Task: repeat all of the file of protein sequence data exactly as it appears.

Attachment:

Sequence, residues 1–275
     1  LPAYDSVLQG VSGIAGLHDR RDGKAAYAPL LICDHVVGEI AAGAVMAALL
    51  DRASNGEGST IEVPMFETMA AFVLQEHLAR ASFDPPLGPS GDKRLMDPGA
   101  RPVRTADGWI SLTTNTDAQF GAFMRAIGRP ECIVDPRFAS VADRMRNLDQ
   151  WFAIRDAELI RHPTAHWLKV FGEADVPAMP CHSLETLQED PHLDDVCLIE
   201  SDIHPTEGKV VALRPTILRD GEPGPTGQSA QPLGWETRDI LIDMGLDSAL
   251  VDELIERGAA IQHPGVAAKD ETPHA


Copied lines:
Sequence, residues 1–275
     1  LPAYDSVLQG VSGIAGLHDR RDGKAAYAPL LICDHVVGEI AAGAVMAALL
    51  DRASNGEGST IEVPMFETMA AFVLQEHLAR ASFDPPLGPS GDKRLMDPGA
   101  RPVRTADGWI SLTTNTDAQF GAFMRAIGRP ECIVDPRFAS VADRMRNLDQ
   151  WFAIRDAELI RHPTAHWLKV FGEADVPAMP CHSLETLQED PHLDDVCLIE
   201  SDIHPTEGKV VALRPTILRD GEPGPTGQSA QPLGWETRDI LIDMGLDSAL
   251  VDELIERGAA IQHPGVAAKD ETPHA